A’town raises glasses to Keith

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An Arrowtown publican who died last Thursday turned a rough pub into a community focal point.

Keith Crawford – who succumbed, aged 49, to a brain tumour – and wife Jeannie bought The Tap in 2011, renaming it The Fork and Tap.

“Honestly, there was a clientele of maybe 10 fellows who came in every day and you’d never see a woman – it was pretty rough,” Jeannie says.

“We knew there needed to be a meeting place for everyone, young and old, and it became very much a family-friendly environment, espec-ially the garden bar – we opened that right up.”

Neighbouring museum director David Clarke says “that corner business had never succeeded – it had a series of cafes, restaurants and tearooms and it never quite clicked”.

“Then Jeannie and Keith took it on and the first thing they did was throw out the pool table and the televisions so everyone had to talk to each other.

“They turned it into something more resembling an English pub … like an extension of your living room.”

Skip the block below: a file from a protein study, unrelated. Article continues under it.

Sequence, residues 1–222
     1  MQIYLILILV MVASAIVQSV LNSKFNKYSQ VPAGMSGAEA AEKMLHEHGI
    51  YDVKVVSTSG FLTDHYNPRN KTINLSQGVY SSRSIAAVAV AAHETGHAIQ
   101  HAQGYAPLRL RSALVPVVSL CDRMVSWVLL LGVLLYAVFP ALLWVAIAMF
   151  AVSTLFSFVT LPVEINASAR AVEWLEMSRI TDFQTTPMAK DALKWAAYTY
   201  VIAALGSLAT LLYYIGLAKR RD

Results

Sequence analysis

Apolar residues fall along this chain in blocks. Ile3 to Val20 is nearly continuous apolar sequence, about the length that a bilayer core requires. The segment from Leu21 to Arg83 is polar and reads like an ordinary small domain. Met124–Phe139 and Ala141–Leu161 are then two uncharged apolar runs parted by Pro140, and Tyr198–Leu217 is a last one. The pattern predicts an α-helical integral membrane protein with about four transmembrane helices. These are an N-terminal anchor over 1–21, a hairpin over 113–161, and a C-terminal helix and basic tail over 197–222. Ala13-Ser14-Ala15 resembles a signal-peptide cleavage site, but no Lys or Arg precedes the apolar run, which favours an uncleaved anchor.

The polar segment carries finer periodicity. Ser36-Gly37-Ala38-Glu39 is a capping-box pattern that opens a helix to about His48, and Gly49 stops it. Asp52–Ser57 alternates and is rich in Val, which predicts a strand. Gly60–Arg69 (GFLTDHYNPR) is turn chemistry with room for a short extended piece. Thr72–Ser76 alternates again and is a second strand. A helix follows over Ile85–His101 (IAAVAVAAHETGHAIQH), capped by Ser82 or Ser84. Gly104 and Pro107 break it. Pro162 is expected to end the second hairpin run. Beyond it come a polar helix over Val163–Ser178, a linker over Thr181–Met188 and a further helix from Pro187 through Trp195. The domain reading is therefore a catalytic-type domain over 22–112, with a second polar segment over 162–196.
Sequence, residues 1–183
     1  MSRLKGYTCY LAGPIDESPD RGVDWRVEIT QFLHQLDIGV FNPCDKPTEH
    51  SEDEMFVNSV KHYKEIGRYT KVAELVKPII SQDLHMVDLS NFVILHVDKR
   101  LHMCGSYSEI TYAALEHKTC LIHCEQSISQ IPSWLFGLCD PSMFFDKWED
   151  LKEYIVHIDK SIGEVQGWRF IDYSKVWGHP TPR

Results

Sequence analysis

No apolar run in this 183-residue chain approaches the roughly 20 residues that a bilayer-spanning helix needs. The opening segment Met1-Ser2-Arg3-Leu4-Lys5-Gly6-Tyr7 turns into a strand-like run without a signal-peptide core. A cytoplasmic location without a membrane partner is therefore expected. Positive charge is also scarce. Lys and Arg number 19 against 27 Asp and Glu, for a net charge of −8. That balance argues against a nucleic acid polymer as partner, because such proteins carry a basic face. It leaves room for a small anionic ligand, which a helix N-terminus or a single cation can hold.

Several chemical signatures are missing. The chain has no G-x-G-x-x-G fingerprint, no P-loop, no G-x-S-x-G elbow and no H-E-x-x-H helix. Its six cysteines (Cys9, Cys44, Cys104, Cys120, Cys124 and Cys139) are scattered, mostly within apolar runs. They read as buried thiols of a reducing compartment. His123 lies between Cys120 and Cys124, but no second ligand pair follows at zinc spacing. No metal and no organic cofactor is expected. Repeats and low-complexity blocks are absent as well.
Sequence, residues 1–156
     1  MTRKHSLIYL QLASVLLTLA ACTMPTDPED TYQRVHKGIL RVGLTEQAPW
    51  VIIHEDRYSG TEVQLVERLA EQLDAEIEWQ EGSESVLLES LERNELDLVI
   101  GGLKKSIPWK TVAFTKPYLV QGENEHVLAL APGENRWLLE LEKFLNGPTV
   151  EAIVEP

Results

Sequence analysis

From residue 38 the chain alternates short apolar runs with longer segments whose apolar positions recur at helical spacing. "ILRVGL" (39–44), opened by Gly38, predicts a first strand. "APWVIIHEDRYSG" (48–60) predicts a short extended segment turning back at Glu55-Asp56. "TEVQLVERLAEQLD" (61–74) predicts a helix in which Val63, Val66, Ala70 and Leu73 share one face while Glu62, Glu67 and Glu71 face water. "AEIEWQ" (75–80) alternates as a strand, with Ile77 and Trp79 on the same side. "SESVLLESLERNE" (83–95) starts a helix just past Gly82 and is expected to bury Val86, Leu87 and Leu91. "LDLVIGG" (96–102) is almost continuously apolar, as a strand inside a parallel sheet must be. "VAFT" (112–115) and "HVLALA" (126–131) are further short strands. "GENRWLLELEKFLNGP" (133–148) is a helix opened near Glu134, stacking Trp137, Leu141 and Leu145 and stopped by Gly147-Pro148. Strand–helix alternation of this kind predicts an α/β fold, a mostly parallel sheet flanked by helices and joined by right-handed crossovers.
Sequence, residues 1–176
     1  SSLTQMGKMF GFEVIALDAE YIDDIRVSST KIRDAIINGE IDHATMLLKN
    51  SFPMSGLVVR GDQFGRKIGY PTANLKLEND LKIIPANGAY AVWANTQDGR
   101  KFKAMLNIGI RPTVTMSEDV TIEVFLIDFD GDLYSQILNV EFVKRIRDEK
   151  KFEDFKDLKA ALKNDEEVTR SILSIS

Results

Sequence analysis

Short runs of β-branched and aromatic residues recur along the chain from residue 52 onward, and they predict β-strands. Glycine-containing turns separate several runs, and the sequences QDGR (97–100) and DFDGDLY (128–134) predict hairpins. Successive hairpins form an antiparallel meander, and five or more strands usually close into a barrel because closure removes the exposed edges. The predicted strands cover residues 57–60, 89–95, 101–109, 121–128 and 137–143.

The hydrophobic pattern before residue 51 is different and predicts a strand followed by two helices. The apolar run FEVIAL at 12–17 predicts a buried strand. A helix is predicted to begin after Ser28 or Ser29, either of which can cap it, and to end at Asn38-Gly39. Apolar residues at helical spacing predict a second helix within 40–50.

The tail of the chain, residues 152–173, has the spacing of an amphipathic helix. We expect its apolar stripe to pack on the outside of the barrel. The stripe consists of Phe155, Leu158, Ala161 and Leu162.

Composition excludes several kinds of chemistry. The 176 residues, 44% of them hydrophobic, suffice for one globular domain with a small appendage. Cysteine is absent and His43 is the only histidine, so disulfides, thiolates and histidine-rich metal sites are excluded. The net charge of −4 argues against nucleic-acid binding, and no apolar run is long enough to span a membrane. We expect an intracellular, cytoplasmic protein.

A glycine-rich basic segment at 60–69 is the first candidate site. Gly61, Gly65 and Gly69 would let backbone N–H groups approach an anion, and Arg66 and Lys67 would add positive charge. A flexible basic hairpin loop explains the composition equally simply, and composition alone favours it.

Keith also supported New Zealand micro-breweries and helped kick-start Queenstown’s Altitude Brewing and, more latterly, Arrowtown Brewing.

Altitude owner Eliott Menzies says he gave Keith a sample bottle before he started production.

“He was, ‘yeah, we’ll put it on’.”

Arrowtown Brewing co-owner Dave Gent says Keith was “super-supportive”. As a muso who claims he’s been to every pub in NZ, he says the couple turned The Fork and Tap into “the best pub probably in the bloody country”.

“The fact they don’t turn over staff tells you everything you need to know, really.”

Despite Keith getting “a pretty poor prognosis” 14 years ago, Jeannie says “he never let it get him down”.

“He was a real self-healer and did a lot of work on himself to get himself strong.

“He just focused on getting back in the mountains – that was his medicine, the mountains and our two kids.”

Tribute: Keith Crawford’s son Jed’s rugby team, Arrowtown Redbacks, which he co-coached, observed a moment’s silence for him last Saturday PICTURE: LEIGH JEFFERY

Jeannie’s hugely appreciative of the support the local community’s provided in recent months, including a meal train for her family, and particularly thanks Doctor Fiona McPherson and local district nurses.

Hundreds also turned out for Keith’s funeral on Monday. Jeannie intends carrying on the business: “We’ve got a massive focus to keep on improving The Fork and Tap.”

scoop@scene.co.nz